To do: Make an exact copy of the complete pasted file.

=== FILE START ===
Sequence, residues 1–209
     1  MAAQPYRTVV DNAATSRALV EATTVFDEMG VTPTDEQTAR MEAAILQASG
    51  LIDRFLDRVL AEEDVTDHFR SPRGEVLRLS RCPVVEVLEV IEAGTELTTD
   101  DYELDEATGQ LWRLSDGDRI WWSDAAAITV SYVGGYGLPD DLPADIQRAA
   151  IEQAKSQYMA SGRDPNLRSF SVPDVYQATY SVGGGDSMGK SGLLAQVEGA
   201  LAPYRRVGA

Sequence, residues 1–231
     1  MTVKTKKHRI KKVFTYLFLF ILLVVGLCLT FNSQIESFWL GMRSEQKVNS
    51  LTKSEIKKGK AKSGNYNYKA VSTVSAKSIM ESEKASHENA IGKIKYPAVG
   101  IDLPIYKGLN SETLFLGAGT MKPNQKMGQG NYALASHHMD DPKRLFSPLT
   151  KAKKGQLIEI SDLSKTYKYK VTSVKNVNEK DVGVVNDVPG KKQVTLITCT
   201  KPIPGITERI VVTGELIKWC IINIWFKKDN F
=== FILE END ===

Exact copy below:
Sequence, residues 1–209
     1  MAAQPYRTVV DNAATSRALV EATTVFDEMG VTPTDEQTAR MEAAILQASG
    51  LIDRFLDRVL AEEDVTDHFR SPRGEVLRLS RCPVVEVLEV IEAGTELTTD
   101  DYELDEATGQ LWRLSDGDRI WWSDAAAITV SYVGGYGLPD DLPADIQRAA
   151  IEQAKSQYMA SGRDPNLRSF SVPDVYQATY SVGGGDSMGK SGLLAQVEGA
   201  LAPYRRVGA

Sequence, residues 1–231
     1  MTVKTKKHRI KKVFTYLFLF ILLVVGLCLT FNSQIESFWL GMRSEQKVNS
    51  LTKSEIKKGK AKSGNYNYKA VSTVSAKSIM ESEKASHENA IGKIKYPAVG
   101  IDLPIYKGLN SETLFLGAGT MKPNQKMGQG NYALASHHMD DPKRLFSPLT
   151  KAKKGQLIEI SDLSKTYKYK VTSVKNVNEK DVGVVNDVPG KKQVTLITCT
   201  KPIPGITERI VVTGELIKWC IINIWFKKDN F